Owners of properties worth more than about $182,000 will soon pay a new graduated tax, the first fiscal reform since President Oscar Arias took office in May 2006.
Approved by lawmakers yesterday morning, the tax will raise an estimated ¢9.7 million ($17,000) a year to fund the state´s efforts to rebuild substandard housing, according to an estimate by the National Assembly´s budget analysis department.
The bill, which will take effect once Arias signs it, imposes an annual 0.25 percent tax on properties worth between ¢100 million ($182,000) and ¢250 million ($454,500). The tax increases with the property´s value, up to a 0.55 percent levy on properties worth more than ¢1.5 billion ($2.7 million).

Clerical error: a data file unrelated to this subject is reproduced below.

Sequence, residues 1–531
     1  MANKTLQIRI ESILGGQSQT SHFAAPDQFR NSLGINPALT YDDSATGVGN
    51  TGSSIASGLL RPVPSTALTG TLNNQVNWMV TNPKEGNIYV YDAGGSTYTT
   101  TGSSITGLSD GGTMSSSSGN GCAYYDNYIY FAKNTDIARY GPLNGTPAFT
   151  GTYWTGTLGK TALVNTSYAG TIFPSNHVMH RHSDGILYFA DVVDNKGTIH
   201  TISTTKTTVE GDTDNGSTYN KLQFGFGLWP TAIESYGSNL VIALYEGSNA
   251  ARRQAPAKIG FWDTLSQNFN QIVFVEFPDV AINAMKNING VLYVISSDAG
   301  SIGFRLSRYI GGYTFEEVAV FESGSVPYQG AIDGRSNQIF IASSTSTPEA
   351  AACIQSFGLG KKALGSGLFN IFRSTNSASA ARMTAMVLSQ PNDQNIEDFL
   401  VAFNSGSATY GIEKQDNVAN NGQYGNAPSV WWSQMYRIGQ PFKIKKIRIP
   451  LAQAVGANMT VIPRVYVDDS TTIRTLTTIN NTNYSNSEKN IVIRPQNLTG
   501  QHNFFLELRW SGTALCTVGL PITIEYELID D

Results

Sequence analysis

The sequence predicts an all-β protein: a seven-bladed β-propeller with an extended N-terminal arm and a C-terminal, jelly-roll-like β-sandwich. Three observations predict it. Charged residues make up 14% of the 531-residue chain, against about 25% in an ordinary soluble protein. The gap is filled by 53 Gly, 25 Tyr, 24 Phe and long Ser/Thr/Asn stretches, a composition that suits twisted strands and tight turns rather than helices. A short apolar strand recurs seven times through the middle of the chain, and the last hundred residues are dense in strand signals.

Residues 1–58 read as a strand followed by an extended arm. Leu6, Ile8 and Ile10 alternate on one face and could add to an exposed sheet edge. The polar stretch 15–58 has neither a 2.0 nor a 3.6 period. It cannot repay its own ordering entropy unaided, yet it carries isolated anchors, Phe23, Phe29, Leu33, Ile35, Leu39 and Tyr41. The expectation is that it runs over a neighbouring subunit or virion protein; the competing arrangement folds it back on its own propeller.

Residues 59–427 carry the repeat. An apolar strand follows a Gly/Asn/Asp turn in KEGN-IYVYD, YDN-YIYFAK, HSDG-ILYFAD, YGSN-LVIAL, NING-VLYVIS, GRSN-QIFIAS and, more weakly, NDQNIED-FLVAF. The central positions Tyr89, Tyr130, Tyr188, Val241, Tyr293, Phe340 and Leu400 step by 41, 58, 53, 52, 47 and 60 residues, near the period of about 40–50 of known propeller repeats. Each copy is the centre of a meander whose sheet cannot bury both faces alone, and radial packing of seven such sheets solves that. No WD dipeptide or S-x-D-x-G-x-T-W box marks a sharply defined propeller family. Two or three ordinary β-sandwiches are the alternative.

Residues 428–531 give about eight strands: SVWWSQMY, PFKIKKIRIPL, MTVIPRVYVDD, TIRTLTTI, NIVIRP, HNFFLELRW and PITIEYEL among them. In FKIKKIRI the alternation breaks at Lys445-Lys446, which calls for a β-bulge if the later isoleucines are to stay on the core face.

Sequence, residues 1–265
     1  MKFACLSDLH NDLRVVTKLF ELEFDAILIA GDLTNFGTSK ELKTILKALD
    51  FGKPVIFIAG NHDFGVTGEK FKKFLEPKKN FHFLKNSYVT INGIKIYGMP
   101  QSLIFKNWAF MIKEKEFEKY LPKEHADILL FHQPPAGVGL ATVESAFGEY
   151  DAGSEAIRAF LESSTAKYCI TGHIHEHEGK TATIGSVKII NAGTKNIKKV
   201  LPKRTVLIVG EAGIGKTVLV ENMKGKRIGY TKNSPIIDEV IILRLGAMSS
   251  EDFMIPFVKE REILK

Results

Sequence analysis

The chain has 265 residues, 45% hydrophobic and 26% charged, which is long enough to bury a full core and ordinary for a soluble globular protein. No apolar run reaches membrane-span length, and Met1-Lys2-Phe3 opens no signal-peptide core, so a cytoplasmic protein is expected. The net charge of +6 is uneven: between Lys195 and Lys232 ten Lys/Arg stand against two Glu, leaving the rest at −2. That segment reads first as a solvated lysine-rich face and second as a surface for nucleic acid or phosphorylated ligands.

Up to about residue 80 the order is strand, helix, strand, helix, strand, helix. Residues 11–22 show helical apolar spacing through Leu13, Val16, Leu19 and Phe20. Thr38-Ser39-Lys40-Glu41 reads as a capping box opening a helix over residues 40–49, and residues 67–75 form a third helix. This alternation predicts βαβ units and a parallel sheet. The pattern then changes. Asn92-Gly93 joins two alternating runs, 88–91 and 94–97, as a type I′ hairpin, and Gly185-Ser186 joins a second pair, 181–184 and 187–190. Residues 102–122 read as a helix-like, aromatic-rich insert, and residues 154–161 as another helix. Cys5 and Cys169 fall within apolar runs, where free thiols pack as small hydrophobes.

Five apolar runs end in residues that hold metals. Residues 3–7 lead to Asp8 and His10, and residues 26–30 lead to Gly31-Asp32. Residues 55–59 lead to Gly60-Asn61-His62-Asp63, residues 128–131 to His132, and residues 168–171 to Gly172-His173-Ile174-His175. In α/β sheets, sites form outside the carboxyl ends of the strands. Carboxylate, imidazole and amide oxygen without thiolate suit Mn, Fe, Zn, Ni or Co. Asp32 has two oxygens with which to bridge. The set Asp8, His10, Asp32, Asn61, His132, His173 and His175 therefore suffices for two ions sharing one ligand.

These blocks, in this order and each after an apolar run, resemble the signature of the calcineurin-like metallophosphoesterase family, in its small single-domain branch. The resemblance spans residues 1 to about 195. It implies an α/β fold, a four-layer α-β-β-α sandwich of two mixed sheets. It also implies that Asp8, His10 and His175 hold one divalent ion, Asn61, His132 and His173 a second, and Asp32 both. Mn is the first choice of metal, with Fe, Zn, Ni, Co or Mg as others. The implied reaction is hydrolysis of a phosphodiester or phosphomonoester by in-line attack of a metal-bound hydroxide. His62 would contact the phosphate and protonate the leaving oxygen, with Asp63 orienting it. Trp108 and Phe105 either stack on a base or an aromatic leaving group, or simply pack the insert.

The taxes must be paid in the first 15 days of each year. Properties belonging to the government, public institutions, churches and non-profit organizations are exempt.
The revenue will go to the National Housing Mortgage Bank (BANHVI), which offers grants to poor families looking to rebuild their homes and neighborhoods. About 40,000 families live in substandard housing in Costa Rica, according to BANHVI spokeswoman Susan Otárola.